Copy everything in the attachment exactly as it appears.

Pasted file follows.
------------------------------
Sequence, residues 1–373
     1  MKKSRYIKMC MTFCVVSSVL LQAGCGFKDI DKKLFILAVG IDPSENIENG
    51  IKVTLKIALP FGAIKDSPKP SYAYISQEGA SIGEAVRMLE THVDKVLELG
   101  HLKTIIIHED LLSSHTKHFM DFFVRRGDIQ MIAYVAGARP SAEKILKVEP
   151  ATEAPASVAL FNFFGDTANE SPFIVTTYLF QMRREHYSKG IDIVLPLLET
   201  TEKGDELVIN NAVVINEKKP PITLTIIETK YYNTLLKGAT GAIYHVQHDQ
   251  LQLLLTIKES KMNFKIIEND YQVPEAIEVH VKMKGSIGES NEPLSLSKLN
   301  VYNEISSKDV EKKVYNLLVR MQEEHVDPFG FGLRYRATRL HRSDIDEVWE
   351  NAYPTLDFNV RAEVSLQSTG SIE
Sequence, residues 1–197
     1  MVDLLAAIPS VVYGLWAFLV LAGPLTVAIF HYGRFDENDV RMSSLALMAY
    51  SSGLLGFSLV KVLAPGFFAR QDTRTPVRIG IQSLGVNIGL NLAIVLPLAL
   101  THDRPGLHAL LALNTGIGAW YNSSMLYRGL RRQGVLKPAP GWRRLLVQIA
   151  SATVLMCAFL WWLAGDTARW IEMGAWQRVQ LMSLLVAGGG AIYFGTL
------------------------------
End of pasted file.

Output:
Sequence, residues 1–373
     1  MKKSRYIKMC MTFCVVSSVL LQAGCGFKDI DKKLFILAVG IDPSENIENG
    51  IKVTLKIALP FGAIKDSPKP SYAYISQEGA SIGEAVRMLE THVDKVLELG
   101  HLKTIIIHED LLSSHTKHFM DFFVRRGDIQ MIAYVAGARP SAEKILKVEP
   151  ATEAPASVAL FNFFGDTANE SPFIVTTYLF QMRREHYSKG IDIVLPLLET
   201  TEKGDELVIN NAVVINEKKP PITLTIIETK YYNTLLKGAT GAIYHVQHDQ
   251  LQLLLTIKES KMNFKIIEND YQVPEAIEVH VKMKGSIGES NEPLSLSKLN
   301  VYNEISSKDV EKKVYNLLVR MQEEHVDPFG FGLRYRATRL HRSDIDEVWE
   351  NAYPTLDFNV RAEVSLQSTG SIE
Sequence, residues 1–197
     1  MVDLLAAIPS VVYGLWAFLV LAGPLTVAIF HYGRFDENDV RMSSLALMAY
    51  SSGLLGFSLV KVLAPGFFAR QDTRTPVRIG IQSLGVNIGL NLAIVLPLAL
   101  THDRPGLHAL LALNTGIGAW YNSSMLYRGL RRQGVLKPAP GWRRLLVQIA
   151  SATVLMCAFL WWLAGDTARW IEMGAWQRVQ LMSLLVAGGG AIYFGTL